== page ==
As we begin to learn today about individual lives lost and lives impacted by loss of their homes in the Bay Area's wine country and beyond — where upwards of 15 wildfires are burning concurrently many sparked almost simultaneously on Sunday night — here's a macro-level picture of what it looks like from space. This NASA image, labeled with 11 of those of fires, illustrates the huge plumes of smoke drifting offshore, and how that smoke is making it down to San Francisco where air quality remains poor today amid hazy skies.

The image, taken on Monday, is explained like so by NASA:

NASA's Aqua satellite collected this natural-color image with the Moderate Resolution Imaging Spectroradiometer, MODIS, instrument on October 09, 2017. Actively burning areas (hot spots), detected by MODIS’s thermal bands, are outlined in red. Each hot spot is an area where the thermal detectors on the MODIS instrument recognized temperatures higher than background.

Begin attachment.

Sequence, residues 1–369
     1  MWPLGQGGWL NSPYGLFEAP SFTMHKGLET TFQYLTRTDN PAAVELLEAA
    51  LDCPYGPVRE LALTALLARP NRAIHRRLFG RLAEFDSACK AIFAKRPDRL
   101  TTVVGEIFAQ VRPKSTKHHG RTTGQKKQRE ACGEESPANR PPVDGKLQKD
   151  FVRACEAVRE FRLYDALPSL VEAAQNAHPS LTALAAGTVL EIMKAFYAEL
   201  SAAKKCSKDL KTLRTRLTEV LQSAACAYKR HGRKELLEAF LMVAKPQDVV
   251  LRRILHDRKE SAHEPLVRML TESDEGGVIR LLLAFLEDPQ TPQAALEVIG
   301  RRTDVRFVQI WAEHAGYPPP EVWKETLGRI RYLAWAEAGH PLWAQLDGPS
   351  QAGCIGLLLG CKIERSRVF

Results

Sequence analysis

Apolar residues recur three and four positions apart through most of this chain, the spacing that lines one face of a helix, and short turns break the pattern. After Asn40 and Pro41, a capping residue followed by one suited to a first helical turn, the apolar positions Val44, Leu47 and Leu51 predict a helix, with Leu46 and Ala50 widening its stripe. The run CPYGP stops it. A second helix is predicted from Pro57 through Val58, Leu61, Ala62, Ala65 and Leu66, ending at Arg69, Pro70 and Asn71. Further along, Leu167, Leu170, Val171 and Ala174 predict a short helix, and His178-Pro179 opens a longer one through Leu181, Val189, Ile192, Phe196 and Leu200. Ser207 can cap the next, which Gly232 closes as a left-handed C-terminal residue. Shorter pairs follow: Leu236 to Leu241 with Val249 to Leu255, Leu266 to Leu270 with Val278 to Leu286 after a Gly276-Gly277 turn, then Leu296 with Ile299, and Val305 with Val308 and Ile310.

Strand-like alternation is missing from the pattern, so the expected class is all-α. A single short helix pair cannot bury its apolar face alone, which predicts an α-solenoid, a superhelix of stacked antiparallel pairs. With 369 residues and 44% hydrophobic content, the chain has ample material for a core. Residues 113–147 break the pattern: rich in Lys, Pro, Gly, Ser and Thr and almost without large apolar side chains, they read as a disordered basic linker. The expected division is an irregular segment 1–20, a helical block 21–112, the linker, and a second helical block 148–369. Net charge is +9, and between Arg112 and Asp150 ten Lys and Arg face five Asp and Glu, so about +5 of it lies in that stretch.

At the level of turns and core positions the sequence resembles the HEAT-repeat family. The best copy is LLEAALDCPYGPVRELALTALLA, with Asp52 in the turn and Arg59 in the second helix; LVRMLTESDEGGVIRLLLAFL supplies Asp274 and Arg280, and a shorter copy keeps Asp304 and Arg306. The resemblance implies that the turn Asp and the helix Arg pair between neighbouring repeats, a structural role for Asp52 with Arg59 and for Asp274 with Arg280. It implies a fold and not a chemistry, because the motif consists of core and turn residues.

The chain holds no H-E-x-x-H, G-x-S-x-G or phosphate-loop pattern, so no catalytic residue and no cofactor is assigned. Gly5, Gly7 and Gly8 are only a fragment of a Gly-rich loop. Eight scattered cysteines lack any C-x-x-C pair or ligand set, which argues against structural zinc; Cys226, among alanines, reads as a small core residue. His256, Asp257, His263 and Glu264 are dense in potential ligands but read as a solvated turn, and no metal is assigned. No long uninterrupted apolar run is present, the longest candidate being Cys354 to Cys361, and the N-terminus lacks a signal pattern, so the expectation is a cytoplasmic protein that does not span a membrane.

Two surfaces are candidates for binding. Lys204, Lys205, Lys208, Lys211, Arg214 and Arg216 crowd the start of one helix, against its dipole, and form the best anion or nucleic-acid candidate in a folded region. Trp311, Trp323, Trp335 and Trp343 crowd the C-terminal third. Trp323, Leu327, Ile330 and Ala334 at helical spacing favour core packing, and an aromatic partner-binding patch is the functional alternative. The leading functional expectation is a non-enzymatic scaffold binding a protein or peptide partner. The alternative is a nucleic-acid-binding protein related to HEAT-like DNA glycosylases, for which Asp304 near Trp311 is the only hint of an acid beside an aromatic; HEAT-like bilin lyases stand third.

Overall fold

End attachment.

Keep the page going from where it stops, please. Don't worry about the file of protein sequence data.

As of Tuesday afternoon, the number of confirmed deaths in the fires had risen to 15, with two more added from Sonoma County. Nine of the victims appear to have been those who either did not evacuate or were unable to evacuate in time from the fast-moving Tubbs Fire in northern Santa Rosa, which began around 10 p.m. Sunday and quickly became a 20,000+-acre blaze thanks to high-speed, dry winds coming out of the west.

Two victims, an elderly couple unable to evacuate, died in the Atlas Fire in Napa County, three have died in the Redwood Complex Fire in Mendocino, and one perished in the Cascade Fire in Yuba County.

All previous coverage of the North Bay fires on SFist.